Jeffrey: I was thinking about fees the second you said, “Oh, there are multiple models.” I’m like, “Oh, so for this grant writing service, am I going to have to pay more?”
Colleen: Potentially. Yeah. Not at Fractured Atlas. At Fractured Atlas, it’s just that 8 percent and that monthly membership dues, but yes, at other places you’re going to be looking at different fee structures.
Jeffrey: Colleen, I think that’s a wrap for me. Those are all my questions for you.
Jeffrey: Thank you so much for your time again and thanks for bringing so much knowledge to our ears about how Fractured Atlas can support artists across the board.
Colleen: Yeah, happy to. Thank you so much for reaching out. This was lovely.
Jeffrey: Thanks for listening, artists. There was so much more to uncover than I had originally thought, including crowdfunding, educational resources, and grant reviews. I’m really fascinated by the trends, including the initial dip that they experienced following the returning numbers. The biggest question that remains for me is: How will philanthropies translate those emergency fund dollars following the pandemic? Will they go back to project-based? General operation? One thing I’m thinking—and I’m happy to be wrong here—is that giving to project-based work feels a bit as though it’s leaning into the gig economy. We start to prioritize the money instead of the process we set out to do and the practice that we find so satisfying and important. I get the process and product go hand in hand, but just ensuring a company’s sustainability should also be enough.
Okay, that’s it for this week y’all. A quick note to say that we will be back in a few weeks with an interview from Mara Isaacs of Octopus Theatricals, but probably not for a bit. In the meantime, I wish you all wellness and safety, okay? Okay, it’s time for your soundcheck lightning round.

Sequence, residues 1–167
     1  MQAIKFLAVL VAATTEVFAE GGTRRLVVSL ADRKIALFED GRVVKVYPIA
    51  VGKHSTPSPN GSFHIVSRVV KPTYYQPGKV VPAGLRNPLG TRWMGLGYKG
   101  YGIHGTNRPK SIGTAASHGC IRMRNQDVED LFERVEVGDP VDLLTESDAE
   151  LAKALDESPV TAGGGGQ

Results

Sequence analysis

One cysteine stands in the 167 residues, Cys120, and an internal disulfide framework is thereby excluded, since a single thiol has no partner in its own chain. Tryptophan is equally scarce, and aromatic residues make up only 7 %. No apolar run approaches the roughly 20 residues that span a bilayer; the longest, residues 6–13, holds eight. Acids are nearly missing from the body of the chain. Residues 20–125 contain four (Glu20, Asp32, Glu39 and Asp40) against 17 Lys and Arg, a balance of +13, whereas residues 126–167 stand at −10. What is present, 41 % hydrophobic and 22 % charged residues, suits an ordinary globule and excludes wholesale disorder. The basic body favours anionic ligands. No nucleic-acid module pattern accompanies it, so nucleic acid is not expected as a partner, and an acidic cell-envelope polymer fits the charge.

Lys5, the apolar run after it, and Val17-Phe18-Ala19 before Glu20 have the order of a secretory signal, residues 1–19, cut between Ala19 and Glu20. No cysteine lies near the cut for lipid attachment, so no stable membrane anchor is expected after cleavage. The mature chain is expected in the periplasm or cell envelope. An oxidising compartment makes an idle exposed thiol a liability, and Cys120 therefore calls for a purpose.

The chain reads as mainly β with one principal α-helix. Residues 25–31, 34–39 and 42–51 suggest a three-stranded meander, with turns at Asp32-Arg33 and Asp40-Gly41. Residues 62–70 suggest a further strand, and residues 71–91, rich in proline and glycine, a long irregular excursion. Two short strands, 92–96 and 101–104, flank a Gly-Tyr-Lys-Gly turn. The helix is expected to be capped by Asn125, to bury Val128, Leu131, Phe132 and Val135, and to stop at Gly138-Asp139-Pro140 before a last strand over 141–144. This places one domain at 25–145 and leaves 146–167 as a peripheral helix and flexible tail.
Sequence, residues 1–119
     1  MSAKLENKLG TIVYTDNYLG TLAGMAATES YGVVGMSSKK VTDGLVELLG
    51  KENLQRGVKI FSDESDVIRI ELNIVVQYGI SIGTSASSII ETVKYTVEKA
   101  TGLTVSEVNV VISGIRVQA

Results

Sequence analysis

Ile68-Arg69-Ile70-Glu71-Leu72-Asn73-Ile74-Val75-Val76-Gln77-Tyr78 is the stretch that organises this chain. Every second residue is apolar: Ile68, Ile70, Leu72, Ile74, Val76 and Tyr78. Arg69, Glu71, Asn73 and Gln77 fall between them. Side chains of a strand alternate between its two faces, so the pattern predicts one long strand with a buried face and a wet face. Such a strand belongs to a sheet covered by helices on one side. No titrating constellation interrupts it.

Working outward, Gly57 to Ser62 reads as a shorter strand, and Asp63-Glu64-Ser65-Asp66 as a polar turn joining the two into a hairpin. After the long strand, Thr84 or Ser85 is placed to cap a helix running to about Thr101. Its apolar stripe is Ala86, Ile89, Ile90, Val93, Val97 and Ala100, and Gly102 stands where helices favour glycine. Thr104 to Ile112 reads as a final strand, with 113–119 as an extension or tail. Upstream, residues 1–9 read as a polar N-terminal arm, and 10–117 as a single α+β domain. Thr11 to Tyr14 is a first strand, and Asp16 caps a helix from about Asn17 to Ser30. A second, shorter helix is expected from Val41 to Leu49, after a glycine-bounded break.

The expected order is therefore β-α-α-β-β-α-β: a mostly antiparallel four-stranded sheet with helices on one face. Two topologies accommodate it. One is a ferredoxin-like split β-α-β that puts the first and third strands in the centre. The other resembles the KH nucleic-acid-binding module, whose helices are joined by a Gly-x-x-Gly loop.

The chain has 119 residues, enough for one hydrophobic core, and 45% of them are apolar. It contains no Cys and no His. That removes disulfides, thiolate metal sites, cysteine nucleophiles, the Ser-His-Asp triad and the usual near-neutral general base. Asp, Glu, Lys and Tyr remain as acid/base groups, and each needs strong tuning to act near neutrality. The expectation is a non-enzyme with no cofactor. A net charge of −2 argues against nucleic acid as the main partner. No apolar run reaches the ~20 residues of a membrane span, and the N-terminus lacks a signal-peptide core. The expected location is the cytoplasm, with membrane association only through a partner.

What is your favorite kind of salutation?
Colleen: Probably, “Hey team.” I feel like anytime I walk into a room, I say, “Hey team.”
Jeffrey: Favorite exclamation?
Colleen: So, I have been working to eliminate certain words from my vocabulary, right? Namely, like, crazy and stuff like that. So I rely a lot on bananas. Like, “That’s bananas.”
Jeffrey: Your favorite kind of transportation?
Colleen: Probably the New York City Subway.
Jeffrey: What’s your favorite kind of ice cream?
Colleen: I would say mint chocolate chip.
Jeffrey: What’s the opposite of what you do at Fractured Atlas?
Colleen: Coding, right? I don’t write code.
Jeffrey: If you weren’t working at Fractured Atlas, what would you be doing?
Colleen: I think working at another cultural institution. But in addition to that, I’ve made some rather large life choices lately, and I’ve gone back to school. I’m specifically in law school, so that’ll be leading me some new paths as well.
Jeffrey: This has been another episode of From the Ground Up. The audio bed was created by Kiran Vedula. You can find him on SoundCloud, Bandcamp, and flutesatdawn.org. This podcast is produced as a contribution to HowlRound Theatre Commons. You can find more episodes of this series and other HowlRound podcasts in our feed on iTunes, Google Podcasts, Spotify, and wherever you find your podcasts. Be sure to search HowlRound Theatre Commons podcasts, and subscribe to receive new episodes. If you love this podcast, post a rating and write a review on those platforms. This helps other people find us. You can also find a transcript for this episode, along with a lot of other progressive and disruptive content on howlround.com. Have an idea for an exciting podcast, essay, or TV event the theatre community needs to hear? Visit howlround.com and submit your ideas to the commons.